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User Reviews

 
Prophecy the movie is more complex than is being given credithere.
21 January 2001 | by monstergarpSee all my reviews

Reviewers of the film are quick to undercut its actual effectiveness as a film without realizing that many parts of the film succeed, including the tension of the characters against the beast, the horror of the beasts' attacks, the helplessness of man within nature, etc. Reviewers would be accurate to attack the cheesy effects, hokey dialogue at times and overall loss on energy in the film toward the climax, but there's much more going on here.

Prophecy is, at best, a) a departure for John Frankenheimer, b) a 70's horror movie with a social conscience and, c) not withstanding amateurish special effects, predictable dialogue and long-view shots of Talia Shire looking petrified beyond speech, an actually entertaining, somewhat surprisingly satisfying film. The novel created an intelligent, often compelling case for early environmentalism and the frightening consequences of doing nothing in light of the dangerous contamination of the Earth. Prophecy as a film suffers from a deplorable special effects deficiancy (case in point: at one point in the film, the monster is clearly "walking" on the dock with the courtesy of a mechanical dolly and hydraulic levers...uggh) as said before, but looking beyond this, the film's plotline does build tension, though it loses steam in the end, concluding with a rather lamely tacked-on "surprise" ending that is more befitting of the TV networks in the 70's. Frankenheimer captures a "land-locked" Jaws-like eating machine on film with a vengeance, and the subsequent carnage is, while unfortunate, in light of the circumstances that created the beast, understandable. The focal point of the movie, the beast itself, operates as a deranged ecological locomotive ( actually sounding like one onfilm at times ) hell-bent on taxing mankind for its misfortune.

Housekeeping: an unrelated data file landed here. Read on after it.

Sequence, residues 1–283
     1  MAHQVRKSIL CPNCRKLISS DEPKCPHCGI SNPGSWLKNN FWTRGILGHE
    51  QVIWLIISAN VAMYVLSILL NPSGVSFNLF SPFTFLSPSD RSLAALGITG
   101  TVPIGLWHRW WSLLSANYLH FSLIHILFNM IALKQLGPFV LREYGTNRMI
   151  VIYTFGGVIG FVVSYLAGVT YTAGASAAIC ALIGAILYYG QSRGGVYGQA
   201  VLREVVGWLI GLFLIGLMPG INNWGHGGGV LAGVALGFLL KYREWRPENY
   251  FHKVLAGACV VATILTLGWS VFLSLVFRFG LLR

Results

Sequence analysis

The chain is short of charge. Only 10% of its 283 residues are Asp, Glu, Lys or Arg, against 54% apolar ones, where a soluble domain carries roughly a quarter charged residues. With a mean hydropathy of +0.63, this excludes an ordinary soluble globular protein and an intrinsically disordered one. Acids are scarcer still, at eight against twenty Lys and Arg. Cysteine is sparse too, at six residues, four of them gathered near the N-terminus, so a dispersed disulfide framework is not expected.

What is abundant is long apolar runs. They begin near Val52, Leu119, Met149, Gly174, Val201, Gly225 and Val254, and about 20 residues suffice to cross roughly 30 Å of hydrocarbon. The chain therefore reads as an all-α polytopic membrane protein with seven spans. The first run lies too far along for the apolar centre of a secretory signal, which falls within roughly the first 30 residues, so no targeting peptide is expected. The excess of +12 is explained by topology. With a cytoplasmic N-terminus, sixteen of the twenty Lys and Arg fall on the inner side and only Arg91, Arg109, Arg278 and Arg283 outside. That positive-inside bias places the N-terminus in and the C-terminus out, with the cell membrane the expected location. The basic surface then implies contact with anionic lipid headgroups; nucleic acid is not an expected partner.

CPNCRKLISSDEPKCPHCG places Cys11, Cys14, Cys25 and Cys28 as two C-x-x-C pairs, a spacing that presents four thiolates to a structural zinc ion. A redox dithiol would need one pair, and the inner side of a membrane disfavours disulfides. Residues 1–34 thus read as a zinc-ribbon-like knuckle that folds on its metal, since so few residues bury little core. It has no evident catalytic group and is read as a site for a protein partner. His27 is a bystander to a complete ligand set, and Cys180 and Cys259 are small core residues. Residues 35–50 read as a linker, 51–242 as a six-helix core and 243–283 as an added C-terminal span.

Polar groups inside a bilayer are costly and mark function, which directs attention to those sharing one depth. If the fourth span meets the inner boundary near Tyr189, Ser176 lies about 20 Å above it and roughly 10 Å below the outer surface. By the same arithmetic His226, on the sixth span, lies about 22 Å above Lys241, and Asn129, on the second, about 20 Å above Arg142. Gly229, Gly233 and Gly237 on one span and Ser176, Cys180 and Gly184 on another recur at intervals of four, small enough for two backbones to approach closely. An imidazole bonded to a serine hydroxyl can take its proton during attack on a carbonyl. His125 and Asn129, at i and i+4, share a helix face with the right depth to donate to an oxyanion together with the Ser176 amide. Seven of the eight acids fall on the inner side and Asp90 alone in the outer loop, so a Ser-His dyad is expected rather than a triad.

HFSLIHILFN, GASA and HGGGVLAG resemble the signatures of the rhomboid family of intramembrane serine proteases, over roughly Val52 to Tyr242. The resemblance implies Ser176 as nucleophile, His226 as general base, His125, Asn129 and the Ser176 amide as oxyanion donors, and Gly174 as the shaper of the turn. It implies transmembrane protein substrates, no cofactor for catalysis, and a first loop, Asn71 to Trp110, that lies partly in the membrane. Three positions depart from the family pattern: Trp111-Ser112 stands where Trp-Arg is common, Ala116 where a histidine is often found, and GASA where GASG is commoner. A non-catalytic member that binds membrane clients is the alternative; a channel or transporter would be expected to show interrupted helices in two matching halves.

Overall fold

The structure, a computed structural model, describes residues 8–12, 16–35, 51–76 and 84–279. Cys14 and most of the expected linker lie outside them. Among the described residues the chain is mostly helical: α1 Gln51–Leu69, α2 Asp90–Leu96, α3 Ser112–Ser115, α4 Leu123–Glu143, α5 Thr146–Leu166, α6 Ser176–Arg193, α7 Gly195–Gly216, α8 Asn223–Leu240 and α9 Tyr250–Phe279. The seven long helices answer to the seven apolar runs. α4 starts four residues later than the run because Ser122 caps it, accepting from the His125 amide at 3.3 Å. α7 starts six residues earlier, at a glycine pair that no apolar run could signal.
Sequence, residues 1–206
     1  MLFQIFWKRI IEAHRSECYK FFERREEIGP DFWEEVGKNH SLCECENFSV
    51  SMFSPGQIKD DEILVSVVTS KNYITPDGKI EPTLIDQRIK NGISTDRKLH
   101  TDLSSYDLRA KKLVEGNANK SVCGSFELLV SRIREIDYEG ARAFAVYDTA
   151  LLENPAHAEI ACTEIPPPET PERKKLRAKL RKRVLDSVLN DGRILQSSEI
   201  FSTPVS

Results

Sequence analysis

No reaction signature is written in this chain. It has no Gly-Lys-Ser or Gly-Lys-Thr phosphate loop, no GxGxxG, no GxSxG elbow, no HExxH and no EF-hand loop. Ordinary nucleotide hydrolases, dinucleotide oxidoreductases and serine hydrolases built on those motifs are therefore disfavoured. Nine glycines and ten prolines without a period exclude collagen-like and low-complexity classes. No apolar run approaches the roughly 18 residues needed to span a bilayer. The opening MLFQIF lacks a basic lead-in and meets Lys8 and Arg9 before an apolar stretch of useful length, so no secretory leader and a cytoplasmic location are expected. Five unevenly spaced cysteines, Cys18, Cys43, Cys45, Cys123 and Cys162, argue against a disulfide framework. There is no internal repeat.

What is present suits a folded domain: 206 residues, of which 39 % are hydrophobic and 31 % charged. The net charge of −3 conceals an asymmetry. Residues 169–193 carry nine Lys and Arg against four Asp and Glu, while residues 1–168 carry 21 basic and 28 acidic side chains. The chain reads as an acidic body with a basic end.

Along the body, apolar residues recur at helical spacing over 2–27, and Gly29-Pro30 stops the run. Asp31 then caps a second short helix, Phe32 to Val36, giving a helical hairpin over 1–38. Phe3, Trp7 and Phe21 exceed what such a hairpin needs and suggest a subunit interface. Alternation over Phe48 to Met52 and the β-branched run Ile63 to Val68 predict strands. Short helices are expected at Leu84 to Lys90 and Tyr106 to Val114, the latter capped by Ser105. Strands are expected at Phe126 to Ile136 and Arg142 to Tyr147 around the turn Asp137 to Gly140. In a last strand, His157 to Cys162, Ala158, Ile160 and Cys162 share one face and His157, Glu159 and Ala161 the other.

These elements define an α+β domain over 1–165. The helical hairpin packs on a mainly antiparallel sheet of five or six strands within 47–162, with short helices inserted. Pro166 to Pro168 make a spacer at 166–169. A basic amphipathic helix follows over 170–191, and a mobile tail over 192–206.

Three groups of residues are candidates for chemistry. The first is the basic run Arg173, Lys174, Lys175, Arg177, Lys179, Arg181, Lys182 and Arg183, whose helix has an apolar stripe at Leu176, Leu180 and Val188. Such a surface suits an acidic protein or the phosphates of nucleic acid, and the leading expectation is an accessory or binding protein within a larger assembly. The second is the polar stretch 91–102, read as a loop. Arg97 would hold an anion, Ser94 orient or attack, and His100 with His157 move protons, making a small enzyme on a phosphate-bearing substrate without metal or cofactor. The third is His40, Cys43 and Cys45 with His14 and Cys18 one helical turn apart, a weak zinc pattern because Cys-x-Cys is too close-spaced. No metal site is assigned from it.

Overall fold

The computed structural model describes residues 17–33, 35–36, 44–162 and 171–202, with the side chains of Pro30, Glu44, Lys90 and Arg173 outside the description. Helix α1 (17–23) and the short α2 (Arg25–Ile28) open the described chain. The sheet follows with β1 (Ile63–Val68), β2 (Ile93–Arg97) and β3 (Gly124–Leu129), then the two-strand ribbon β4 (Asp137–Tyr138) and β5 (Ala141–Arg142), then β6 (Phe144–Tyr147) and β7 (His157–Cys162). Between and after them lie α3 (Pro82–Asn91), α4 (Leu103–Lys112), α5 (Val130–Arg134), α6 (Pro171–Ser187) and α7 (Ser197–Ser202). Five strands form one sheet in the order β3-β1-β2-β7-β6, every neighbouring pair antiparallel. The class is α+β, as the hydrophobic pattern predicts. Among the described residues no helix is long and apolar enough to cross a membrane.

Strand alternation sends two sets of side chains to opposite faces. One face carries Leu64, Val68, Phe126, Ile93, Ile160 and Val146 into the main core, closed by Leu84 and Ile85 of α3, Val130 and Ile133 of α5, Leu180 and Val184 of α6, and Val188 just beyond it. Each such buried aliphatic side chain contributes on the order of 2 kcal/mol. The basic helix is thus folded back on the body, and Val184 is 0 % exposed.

Remarkably ( and most likely accidentally) the film achieved a perfect "of the moment" time slice capture of the late 70's era, replete with the worries, political movements, ambiguities and uncertainties of the time all woven within the backstory of the Indian's struggle against the papermill, global overpopulation, bigotry and commercialization at the expense of nature.

Beautiful scenery ( courtesy of British Columbia, circa 1978/1979), believable performances, particularly from Richard Dysart and Armand Assanti, combined with circumstances and sequences never actually realized on film before combine to make a pretty meaty B movie. Case in point, the opening sequence with the dogs and the cliff, the tunnels of the Indian village and their subsequent use later in the film. I saw this film when I was 11, and the memory of the camping family and their fate in the film has YET to leave me. Don't think I've ever camped again without recalling that scene...

I recommend the film without taking it as seriously as it seems to take itself, though the message of environmentalism is one worth listening to. The plot device of methyl mercury poisoning in Minimata, Japan is based on true life actual events, and is considerably more frightening than the sum of this movie, but is worth researching sometime.

  • Monstergarp